Thinking of something different from Gothic cathedrals and sand beaches this year? Keen on exploring rich ancient culture and marveling mountainous landscapes? If yes, then you should include Armenia in your “2015 must-go list”. Right in the middle of Europe-Asia crossroad and blending both cultures, this landlocked country offers myriads of tourist attractions you won’t find in any other country. So, here’s why you should consider Armenia as your next destination.
Armenia boasts ancient and Medieval culture. From the Greco-Roman colonnaded Temple of Garni (the only survived pagan temple in the country) to khachkars (“cross-stones”), unique pieces of medieval Armenian architecture (which are included in the UNESCO list of Intangible Heritage) and late Christian cathedrals. Actually, historical and cultural sightseeing in Armenia is mostly “church-seeing”: as the country “oozes” abundant variety of churches and cathedrals which, however, is never boring – no single architectural masterpiece here duplicates the other one.
Once you step on this magic land, you can’t help but wonder how diverse the Armenian landscape is: fast-flowing rivers, lush forests in Dilijan in the north, four-peaked Mount Aragats in the central part and back to untrodden woods and hills in Zangezur region in the south. Tired of mountain climbing and hiking? Then head for the beautiful Lake of Sevan, have a swim (if it’s July or August) or just meditate on its azure waters.
Whether a vegetarian or a meat-lover, here you can find any delicious meal to indulge your stomach. Armenia abounds sweetest eco-fruits and vegetables almost all year round, and low-calorie national flatbread “lavash” was included in UNESCO Intangible Heritage List last year. Also, don’t forget to sample famous Armenian brandy (the favorite brandy of Winston Churchill, by the way) and perhaps, grab a bottle or two to your home country as a souvenir.
If you’re on a tight travel budget, you’ll be pleasantly surprised to find out that you can eat and stay in Armenia almost twice cheaper than in Europe or U.S. Caveat: of course, here you can fall into a so-called “tourist trap”, too, like anywhere else in the world. So, before booking your tickets and hotel, consult with a tourist guide or look through reviews on tourism platforms.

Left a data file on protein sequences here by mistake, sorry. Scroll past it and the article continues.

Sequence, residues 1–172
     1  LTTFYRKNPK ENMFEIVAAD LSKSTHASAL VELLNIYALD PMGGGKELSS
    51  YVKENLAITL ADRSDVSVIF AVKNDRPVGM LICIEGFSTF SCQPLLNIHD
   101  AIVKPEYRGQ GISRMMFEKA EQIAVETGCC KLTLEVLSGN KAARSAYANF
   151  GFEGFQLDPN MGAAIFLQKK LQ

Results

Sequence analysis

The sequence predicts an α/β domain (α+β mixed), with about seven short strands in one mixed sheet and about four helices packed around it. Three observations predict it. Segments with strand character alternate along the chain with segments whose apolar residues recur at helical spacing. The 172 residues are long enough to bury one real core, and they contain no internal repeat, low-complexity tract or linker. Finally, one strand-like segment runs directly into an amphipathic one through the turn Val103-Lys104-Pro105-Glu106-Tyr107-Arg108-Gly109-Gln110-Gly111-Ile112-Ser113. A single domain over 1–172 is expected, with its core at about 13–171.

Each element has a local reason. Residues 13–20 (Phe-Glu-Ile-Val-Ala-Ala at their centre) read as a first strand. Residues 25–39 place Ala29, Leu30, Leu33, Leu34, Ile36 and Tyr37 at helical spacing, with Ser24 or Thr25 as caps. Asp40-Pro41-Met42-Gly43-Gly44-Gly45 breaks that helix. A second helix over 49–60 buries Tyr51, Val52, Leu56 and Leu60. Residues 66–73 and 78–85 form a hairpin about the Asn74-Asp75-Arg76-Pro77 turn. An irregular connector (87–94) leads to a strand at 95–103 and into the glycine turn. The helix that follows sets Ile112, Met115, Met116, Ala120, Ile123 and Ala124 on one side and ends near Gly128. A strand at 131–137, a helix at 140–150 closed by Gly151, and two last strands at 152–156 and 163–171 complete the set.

Armenian hospitality is just arresting. “A guest is the God’s gift”, an old adage runs, and Armenians fully act on it. So, even if you happen to get lost on your route, all you need to do is to turn for help and you will in some cases be even brought to your desired destination by an amiable local. Perhaps, this is why many keen travelers claim Armenia is perfect for hitch-hiking.
The first fact you’ll hear from locals once you’re in the Armenian capital is that Yerevan is older than Rome. Perhaps, you may feel skeptical about it while strolling about the streets of Yerevan and finding no traces of history in multi-storey modern buildings. To dispel your doubts, just visit Erebuni Historical and Archeological Museum-Reserve and learn about almost 3000-year history of this fascinating city. Yerevan is also a prominent cultural hub in the region with its modern museums, galleries, concert halls and jazz clubs.
And finally, even if your scarce time and money resources are scarce and you have to be picky about your routes, Tatev Monastery and Wings of Tatev aerial tramway should be your top “must-experience” and “must-see” in Armenia. First of all, you will experience the uninterrupted 5km aerial travel on the world’s longest railway to marvel magnificent scenery opening below. And secondly, at the end of your railway experience, you’ll see the gem of medieval Armenian architecture, the Tatev Monastery. Sounds exciting, doesn’t it? All you have to do is to book your railway ticket beforehand and head for south Armenia.
Of course, Armenia has many other perks for tourists, which are impossible to cover within a single blog post, though. Follow our Travel Blog regularly, discover more tourist attractions in this amazing country and share your experiences in the comment section.
Author: Sirvard Amatuni